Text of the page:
Another AIRE boat choice thread... - Mountain Buzz
 



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Old 12-26-2017   #1
 
mackay's Avatar
 
salt lake city, Utah
Join Date: Mar 2016
Posts: 28
Another AIRE boat choice thread...

Hi folks and Happy Holidays.

I am looking to upgrade my 1995 NRS e-130 to an Aire but am having trouble deciding which boat is right for me. The e-130 is a great little boat and I plan on keeping it for smaller rivers and paddling. I am looking at the following boats for multi days with passengers down the san juan/main fork salmon/deso and GC trips.

Im dead set on a custom recretec frame and dry box combo to be ordered once i pump my new boat up and measure it. The contestants are:

156R/156D/160DD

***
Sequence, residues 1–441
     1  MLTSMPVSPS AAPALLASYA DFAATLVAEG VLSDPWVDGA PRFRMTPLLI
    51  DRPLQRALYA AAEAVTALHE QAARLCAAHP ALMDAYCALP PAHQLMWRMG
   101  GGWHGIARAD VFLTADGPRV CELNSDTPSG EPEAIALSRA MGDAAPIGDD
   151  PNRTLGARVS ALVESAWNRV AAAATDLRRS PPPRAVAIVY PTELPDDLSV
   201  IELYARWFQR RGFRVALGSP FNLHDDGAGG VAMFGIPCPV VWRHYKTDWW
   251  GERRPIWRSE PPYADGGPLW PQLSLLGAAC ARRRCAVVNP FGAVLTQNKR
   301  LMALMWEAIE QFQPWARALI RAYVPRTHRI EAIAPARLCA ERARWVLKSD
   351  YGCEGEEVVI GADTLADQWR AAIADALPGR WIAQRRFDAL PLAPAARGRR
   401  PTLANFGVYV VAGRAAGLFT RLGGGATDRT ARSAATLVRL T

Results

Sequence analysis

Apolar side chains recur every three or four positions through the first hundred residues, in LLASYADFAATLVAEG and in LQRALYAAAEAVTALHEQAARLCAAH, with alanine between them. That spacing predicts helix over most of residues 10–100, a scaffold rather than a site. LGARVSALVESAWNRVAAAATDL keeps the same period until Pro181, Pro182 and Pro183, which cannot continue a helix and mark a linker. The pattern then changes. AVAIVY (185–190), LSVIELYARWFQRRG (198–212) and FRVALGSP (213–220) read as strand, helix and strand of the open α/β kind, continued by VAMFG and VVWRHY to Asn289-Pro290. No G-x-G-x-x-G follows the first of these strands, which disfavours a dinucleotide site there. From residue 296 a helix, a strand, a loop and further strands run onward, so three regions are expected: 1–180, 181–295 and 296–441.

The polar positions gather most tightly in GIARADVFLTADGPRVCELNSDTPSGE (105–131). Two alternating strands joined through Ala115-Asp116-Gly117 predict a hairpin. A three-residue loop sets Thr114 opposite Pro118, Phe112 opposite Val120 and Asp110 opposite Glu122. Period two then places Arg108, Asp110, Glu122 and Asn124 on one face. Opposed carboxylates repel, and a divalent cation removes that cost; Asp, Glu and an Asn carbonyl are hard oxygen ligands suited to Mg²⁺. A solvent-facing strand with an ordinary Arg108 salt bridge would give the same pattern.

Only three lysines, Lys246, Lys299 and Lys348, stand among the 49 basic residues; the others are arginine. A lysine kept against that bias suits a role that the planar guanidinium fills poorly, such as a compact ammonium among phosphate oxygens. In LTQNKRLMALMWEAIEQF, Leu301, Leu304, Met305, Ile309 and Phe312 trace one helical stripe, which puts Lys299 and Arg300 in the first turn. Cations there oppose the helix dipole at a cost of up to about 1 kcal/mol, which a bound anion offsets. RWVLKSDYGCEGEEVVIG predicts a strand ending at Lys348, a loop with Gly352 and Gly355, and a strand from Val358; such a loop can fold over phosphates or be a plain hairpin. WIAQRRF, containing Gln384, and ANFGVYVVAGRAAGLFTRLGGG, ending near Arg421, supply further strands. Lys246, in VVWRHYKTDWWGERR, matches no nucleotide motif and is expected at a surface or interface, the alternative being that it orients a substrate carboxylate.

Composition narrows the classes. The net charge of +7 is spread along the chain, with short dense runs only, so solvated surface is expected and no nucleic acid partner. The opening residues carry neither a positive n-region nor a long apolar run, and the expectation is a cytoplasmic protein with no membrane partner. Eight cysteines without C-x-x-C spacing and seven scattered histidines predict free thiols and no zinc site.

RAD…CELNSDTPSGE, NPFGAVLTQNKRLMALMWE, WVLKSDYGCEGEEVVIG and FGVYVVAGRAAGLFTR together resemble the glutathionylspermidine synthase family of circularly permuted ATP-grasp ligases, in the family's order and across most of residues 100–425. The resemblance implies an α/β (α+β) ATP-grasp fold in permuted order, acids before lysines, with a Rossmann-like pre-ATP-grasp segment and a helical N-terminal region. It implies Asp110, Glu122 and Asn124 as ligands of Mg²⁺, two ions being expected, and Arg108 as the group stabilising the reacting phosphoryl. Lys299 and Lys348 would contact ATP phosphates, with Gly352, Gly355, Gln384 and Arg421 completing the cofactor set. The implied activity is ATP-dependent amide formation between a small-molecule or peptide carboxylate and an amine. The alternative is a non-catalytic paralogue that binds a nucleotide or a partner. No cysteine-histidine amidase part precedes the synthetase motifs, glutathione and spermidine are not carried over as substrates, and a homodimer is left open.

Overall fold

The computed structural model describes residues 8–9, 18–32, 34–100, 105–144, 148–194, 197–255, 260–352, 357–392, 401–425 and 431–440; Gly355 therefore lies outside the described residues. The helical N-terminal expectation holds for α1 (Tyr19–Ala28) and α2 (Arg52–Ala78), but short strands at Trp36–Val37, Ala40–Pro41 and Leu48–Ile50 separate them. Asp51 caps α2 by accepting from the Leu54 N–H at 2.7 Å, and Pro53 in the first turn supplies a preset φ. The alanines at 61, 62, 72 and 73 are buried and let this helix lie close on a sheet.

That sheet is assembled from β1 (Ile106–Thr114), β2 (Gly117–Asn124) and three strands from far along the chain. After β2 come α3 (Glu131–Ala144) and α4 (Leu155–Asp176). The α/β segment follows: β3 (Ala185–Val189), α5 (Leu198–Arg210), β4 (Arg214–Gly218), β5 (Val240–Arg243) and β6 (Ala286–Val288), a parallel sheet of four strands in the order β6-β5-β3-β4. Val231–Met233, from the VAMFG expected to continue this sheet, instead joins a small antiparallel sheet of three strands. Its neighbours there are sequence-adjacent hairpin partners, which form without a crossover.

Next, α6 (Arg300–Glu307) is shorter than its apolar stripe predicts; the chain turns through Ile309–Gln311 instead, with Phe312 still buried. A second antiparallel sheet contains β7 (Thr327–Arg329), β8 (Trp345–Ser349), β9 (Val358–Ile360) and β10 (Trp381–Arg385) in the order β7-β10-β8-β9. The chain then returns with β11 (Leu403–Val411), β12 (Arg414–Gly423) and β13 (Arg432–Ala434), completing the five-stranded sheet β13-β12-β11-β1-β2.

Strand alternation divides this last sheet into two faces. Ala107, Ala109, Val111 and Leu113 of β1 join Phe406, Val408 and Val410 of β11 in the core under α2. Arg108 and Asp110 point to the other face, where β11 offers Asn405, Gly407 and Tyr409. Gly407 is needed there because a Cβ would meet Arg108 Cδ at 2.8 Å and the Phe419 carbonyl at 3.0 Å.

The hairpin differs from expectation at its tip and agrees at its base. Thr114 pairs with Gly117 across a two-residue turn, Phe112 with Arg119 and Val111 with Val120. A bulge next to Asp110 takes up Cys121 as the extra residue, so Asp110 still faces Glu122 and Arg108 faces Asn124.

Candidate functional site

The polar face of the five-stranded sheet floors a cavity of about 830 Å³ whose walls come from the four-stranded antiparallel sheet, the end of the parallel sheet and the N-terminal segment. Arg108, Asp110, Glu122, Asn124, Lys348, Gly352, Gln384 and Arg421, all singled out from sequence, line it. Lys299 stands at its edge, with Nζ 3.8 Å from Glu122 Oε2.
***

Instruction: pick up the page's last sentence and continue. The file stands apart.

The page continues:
Ive read threads that claim the 3" shorter 156D doesn't hold as much gear as the 156R, even when considering its smaller tubes fore and aft, however i am partial towards the tapered design for many reasons (wind, splash, maneuverability, etc). The 136DD looks awesome but I'm worried that it is not big enough for a grand trip and that the 160DD is just too big for a guy without a flat trailer. I've paddle and stern guided several Sotar SL 14 diminishing tube style boats and loved how they pivot easily and punch waves, but I can't justify the price tag on them, or comment on how they work as a gear boat. I know the 156R is a proven gear hauler and that all these products are excellent; just looking for some more input before I pull the trigger on this large purchase.